5 Simple food swaps to fight constipation
If you suffer from constipation, you are not alone. Constipation is a common symptom that is estimated to affect 1 in 7 adults and can affect people of all ages, particularly women who are twice as likely to suffer as men.
One of the common factors in constipation is not getting enough fibre in our diets. Government guidelines state that our dietary fibre intake should be 30g per day for adults, as part of a balanced diet. But the average intake is only 17.2/day for women and 20.1g/day for men.
Making simple food swaps like those included below to add more fibre to your diet can help increase your overall fibre intake to aid the transition of waste food through the bowel and reduce constipation.
Swap white potatoes for sweet potatoes
Potatoes may be a staple in the British diet but their sweet potato counterparts win in the fibre stakes with just 0.6g of dietary fibre per 100g in potatoes but 5x as much in sweet potatoes at 3g per 100g.
For times when you want to stick with your white potatoes, cook them with their skin on such as boiled potatoes to make the most of the fibre contained in their skins.
Swap white rice for brown rice
A simple swap to brown rice instead of white can make a big difference to your fibre intake. Brown rice is a wholegrain and contains 4.5x as much fibre (1.8g per 100g) as white rice (0.4g per 100g), retaining far more of its natural nutrients.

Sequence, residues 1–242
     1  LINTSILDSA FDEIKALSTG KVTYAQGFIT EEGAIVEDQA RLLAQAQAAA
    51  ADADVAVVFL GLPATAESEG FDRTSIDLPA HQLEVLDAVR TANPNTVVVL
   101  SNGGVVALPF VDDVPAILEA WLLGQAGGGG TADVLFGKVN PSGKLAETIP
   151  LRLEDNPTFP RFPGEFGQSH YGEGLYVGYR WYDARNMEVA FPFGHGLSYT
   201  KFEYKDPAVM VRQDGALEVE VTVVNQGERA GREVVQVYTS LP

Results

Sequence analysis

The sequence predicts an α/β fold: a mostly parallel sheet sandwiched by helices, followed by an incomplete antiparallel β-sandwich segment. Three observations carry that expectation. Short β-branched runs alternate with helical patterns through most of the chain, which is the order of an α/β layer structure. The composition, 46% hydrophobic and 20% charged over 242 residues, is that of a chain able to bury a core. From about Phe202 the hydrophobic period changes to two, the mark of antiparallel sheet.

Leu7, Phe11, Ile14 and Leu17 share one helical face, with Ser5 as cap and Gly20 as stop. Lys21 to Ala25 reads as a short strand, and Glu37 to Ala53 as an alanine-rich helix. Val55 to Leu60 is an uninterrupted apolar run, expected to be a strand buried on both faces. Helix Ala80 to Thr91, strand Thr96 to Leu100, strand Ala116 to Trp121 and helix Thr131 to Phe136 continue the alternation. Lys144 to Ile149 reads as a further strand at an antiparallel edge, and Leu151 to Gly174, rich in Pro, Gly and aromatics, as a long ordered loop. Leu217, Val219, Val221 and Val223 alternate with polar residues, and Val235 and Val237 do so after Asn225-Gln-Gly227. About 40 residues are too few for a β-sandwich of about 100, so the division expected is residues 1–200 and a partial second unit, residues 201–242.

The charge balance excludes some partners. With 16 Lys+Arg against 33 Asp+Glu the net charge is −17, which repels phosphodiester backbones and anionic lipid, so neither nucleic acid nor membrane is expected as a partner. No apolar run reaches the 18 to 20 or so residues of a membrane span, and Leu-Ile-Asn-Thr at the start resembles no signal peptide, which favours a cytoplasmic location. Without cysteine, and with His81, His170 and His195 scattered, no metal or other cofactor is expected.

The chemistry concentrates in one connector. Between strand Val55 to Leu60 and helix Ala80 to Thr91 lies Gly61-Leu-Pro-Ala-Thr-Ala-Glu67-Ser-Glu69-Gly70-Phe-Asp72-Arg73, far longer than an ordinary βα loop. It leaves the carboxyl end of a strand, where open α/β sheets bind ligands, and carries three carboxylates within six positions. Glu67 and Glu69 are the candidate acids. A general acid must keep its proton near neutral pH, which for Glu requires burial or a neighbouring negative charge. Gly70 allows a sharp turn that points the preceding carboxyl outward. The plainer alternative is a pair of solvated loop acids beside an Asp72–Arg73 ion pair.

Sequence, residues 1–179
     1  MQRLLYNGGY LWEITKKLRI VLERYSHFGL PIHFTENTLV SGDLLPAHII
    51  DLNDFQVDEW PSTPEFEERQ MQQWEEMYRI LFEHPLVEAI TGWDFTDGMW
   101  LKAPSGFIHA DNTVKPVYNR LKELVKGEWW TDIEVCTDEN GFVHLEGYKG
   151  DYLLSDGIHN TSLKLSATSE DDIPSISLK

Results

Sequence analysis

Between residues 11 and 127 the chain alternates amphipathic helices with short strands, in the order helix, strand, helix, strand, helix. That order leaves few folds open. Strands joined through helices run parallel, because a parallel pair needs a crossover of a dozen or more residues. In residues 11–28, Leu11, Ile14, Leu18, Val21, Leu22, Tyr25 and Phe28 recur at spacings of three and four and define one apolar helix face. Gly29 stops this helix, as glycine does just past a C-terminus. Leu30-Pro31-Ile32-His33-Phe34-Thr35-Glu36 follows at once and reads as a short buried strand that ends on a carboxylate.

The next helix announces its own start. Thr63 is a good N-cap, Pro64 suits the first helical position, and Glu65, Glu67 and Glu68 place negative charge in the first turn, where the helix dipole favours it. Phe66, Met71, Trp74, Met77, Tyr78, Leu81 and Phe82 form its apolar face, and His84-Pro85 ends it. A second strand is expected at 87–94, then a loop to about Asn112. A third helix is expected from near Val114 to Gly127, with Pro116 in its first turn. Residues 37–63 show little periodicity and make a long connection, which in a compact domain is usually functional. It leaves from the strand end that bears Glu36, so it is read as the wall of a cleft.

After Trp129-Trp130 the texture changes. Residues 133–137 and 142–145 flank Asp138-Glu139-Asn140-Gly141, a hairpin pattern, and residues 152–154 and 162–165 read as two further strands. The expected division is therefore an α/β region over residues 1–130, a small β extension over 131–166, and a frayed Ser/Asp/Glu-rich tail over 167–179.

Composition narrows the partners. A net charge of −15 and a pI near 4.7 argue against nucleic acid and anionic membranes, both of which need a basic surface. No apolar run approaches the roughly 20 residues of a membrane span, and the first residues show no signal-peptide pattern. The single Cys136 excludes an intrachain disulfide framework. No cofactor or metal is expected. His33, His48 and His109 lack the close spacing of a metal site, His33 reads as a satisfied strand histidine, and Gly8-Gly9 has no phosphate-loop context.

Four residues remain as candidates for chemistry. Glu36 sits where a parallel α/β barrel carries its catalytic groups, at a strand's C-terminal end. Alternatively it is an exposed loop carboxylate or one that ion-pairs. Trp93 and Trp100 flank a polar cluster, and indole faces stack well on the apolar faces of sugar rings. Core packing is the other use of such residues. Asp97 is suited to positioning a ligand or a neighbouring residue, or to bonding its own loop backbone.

The same rule applies to swapping wholemeal bread for white bread, whole wheat pasta for white pasta. By choosing the wholegrain, less processed versions you will get more of the natural nutrients.
Swap and top your breakfast cereal
Choosing a high fibre, low sugar cereal can boost your fibre intake ten fold. A serving of a high fibre cereal could give you 11g of fibre, versus 0.9g for a corn based cereal flake.
Adding just a tablespoon of chia seeds to top your breakfast cereal or a yogurt would add an extra 4g of fibre to your meal. These nutrient rich seeds will deliver not only fiber but protein,
omega-3 fatty acids and various micronutrients.
Instead of biscuits, try oat cakes
Oats contain fibre and with their crunchy texture, oatcakes make a great alternative to sweet biscuits. Try oatcakes topped with a natural nut butter such as almond butter, peanut butter or cashew butter for a tasty and fibre rich alternative with each oatcake (single rough oatcake) offering around 1.1g of protein and a tablespoon of almond butter 1.6g.
For a sweet treat, swap milk chocolate for dark chocolate
Chocolate may not be the first place you would look for your nutritional needs but if you would like a sweet treat then dark chocolate will provide more fibre as well as more nutrients and less sugar. A single 10g square of dark chocolate has 3x as much fibre (1g) as the milk chocolate equivalent (0.3g).